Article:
A day after Angel Rodriguez announced his intent to transfer from Kansas State, player and team began focusing on the future.
For Rodriguez, a sophomore point guard who helped the Wildcats win 27 basketball games and a share of the Big 12 championship by averaging 11.4 points and 5.2 assists, the future means finding a school closer to his family in Puerto Rico where he can finish his college career.
His former high school coach, Shakey Rodriguez, told the Miami Herald that Rodriguez already has a few landing spots in mind.
“He’s made it clear he wants to play in Florida, and preferably in Miami,” Shakey Rodriguez told the newspaper. “The question now is who will reach out to him? Will it be Miami, USF, the Gators? I’ll do whatever I can to help. I know he wants to do this quickly.’’
Shakey Rodriguez did not respond to messages seeking further comment. Attempts to reach Angel Rodriguez and his former AAU coach, Art Alvarez, were also unsuccessful.
For K-State, the future means adapting to a lineup that is short on experience.
With Rodriguez returning as a junior, Bruce Weber’s job seemed simple. With Will Spradling, Shane Southwell and Thomas Gipson all coming back, he only needed to fill one spot in the starting lineup. It would have presumably gone to the top incoming guard. Everyone else would compete for playing time off the bench.
Now, the second-year coach has some difficult choices. Spradling, Southwell and Gipson still provide a foundation, but K-State’s reserves and an unheralded recruiting class – no top 150 prospects, according to Rivals – will need to step up.
Spradling is the only guard returning who has played meaningful minutes, which means he will need to slide over to point guard next season or a freshman will be K-State’s predominant ballhandler.
The Wildcats recently landed an oral commitment from three-star point guard Nigel Johnson, of Upper Marlboro, Md. When he committed over the weekend, many wondered if he would be able to play right away. Now the question becomes, how well will he play right away?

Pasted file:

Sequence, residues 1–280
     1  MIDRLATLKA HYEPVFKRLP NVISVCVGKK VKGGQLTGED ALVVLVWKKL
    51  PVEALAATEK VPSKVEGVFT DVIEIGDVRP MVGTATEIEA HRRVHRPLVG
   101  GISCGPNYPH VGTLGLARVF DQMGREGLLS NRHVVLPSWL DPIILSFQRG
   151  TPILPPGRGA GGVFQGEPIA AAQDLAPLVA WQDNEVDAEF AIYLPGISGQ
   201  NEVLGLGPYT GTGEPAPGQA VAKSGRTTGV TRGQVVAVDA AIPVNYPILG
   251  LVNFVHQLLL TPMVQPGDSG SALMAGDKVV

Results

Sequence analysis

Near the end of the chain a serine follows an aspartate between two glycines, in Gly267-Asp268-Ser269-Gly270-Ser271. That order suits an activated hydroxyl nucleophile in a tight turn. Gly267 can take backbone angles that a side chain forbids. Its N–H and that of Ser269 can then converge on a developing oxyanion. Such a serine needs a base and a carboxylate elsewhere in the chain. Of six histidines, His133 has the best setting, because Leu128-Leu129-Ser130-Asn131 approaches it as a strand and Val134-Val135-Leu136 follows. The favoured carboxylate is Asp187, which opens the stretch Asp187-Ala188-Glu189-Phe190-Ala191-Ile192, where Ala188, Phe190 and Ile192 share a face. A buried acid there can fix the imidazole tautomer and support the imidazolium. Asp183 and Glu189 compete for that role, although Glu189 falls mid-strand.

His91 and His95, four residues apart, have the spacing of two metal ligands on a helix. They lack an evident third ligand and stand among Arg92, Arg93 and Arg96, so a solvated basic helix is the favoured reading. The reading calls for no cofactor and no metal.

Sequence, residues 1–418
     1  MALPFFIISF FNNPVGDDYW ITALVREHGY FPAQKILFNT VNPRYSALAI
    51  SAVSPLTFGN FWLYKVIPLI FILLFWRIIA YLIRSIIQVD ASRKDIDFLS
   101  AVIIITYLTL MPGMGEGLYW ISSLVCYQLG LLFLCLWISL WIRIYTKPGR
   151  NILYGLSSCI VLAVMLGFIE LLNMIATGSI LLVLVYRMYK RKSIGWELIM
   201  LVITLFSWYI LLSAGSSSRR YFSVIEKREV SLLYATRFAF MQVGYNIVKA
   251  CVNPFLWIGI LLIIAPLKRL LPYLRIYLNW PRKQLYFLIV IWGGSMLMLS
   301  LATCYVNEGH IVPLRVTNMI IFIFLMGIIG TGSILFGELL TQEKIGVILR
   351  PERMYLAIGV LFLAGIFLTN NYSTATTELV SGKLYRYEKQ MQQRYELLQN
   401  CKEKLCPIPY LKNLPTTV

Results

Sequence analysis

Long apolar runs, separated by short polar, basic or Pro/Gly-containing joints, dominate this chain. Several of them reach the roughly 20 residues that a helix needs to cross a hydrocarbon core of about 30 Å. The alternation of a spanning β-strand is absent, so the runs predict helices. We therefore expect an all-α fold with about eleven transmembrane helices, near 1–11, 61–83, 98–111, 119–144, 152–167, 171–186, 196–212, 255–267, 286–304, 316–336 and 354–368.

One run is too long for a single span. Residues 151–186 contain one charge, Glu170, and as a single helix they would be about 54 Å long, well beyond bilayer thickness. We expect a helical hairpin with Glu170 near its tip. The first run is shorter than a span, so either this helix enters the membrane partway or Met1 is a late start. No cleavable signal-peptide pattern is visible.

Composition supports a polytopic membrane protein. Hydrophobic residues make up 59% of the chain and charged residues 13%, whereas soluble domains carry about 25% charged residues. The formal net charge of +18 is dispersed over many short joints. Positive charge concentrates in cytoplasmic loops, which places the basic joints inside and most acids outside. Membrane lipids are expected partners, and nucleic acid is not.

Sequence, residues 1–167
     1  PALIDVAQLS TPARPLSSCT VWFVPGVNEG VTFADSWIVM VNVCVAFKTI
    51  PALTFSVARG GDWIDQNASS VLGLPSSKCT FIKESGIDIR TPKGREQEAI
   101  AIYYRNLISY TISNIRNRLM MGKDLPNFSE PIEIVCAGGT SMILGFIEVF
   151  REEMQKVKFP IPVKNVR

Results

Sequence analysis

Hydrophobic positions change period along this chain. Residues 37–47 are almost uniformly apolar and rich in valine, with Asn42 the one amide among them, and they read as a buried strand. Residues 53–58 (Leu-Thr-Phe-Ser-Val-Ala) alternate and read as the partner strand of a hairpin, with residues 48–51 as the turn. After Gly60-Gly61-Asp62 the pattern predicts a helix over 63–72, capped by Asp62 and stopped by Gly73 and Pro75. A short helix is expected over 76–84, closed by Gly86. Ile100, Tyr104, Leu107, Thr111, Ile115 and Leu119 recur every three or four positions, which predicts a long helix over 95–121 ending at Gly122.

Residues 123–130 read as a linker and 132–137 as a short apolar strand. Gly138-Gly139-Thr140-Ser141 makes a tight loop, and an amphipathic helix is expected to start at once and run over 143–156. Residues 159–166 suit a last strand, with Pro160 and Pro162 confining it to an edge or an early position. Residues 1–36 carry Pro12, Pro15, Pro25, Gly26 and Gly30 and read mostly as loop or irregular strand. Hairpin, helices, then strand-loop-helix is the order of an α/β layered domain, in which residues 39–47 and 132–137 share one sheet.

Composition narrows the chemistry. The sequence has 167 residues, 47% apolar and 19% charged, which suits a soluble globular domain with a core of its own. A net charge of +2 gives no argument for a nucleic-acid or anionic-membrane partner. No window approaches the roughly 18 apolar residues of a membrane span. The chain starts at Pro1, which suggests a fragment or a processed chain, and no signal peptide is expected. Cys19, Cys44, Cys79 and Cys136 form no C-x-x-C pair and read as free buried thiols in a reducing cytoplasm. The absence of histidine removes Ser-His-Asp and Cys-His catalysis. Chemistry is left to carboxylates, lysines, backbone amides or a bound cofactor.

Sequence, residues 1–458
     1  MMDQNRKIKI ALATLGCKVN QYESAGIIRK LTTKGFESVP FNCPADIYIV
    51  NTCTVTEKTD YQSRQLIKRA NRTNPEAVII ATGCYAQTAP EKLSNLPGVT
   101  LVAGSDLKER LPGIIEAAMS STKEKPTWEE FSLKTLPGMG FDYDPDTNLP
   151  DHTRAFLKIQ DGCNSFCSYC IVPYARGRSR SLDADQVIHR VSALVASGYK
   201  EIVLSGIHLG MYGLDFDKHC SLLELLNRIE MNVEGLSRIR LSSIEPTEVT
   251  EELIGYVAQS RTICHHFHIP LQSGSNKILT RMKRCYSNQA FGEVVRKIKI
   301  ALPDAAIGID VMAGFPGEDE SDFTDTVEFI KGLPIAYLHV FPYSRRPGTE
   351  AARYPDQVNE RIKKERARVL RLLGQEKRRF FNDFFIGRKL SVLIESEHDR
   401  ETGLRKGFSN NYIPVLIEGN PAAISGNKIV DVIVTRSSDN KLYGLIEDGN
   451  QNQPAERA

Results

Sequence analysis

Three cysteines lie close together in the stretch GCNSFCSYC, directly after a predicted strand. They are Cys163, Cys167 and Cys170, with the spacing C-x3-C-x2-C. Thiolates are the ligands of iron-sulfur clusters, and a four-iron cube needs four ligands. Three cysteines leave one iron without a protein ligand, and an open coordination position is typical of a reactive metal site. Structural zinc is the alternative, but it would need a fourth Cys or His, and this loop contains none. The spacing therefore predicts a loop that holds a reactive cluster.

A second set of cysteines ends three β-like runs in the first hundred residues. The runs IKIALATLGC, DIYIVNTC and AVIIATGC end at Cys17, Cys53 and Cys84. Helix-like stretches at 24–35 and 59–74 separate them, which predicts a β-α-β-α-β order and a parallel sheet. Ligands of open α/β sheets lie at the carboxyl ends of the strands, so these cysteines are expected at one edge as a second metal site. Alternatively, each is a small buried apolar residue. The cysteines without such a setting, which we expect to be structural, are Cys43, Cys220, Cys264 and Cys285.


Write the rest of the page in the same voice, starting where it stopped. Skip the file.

With fellow incoming freshman point guard Jevon Thomas ineligible until the second semester, Johnson will have to grow quickly during nonconference games.
Johnson averaged 17.9 points as a senior at Riverdale Baptist for coach Louis Wilson.
“He has so many attributes that make him standout. Where do I start?” Wilson said by phone. “As a basketball player you’ve got to be able to dribble, pass, shoot and defend. I think he does all four of them quite well. He has a great handle. Transition-wise, he gets the ball up the court extremely fast. He can play point very, very well.”
Johnson, who was lightly recruited until de-committing from George Washington last month, said he was surprised to hear Rodriguez was transferring, but it didn’t change his freshman mindset.
“I was talking to the coaches every day before they offered me and they told me I could come in right away and play a lot and make a big impact,” Johnson said. “I’m looking forward to that. I want to come in, practice hard every day and play a big role.”
Other incoming recruits include power forward Neville Fincher, small forward Wesley Iwundu and guard Marcus Foster.
All three have potential. Fincher offers size, and at 6-foot-7, Iwundu is capable of playing inside or on the perimeter. But Foster appears to be the gem of K-State’s 2013 class.
The 6-foot-3 Wichita Falls native was named Texas 3A Player of the Year after averaging more than 27 points and 11 rebounds as a senior. He scored inside and out.
His high school coach, Donald Hedge, says he is capable of playing everything from point guard to power forward. He might be asked to fill several holes next season. When asked to compare him to a current college player, Hedge chose Big 12 Player of the Year Marcus Smart.
“He’s just one of those kids who can do whatever you need him to do,” Hedge said. “When they get him up there, they are going to find a way to get him on the floor. I expect Marcus to be in the NBA someday. He is that good.”
For now, Foster is simply focused on helping K-State as quickly as possible.
"I think I can fit in well with them," Foster said. "I like coming off screens and I like playing that tough defense that Coach Weber wants. I think I will be able to make a good impact.”